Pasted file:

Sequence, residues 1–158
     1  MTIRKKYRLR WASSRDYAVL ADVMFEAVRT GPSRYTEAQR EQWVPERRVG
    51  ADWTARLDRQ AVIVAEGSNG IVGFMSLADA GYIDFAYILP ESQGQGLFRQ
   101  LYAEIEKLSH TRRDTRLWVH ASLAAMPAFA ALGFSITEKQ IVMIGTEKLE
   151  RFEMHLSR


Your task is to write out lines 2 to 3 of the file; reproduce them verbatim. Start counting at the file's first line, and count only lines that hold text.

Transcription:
     1  MTIRKKYRLR WASSRDYAVL ADVMFEAVRT GPSRYTEAQR EQWVPERRVG
    51  ADWTARLDRQ AVIVAEGSNG IVGFMSLADA GYIDFAYILP ESQGQGLFRQ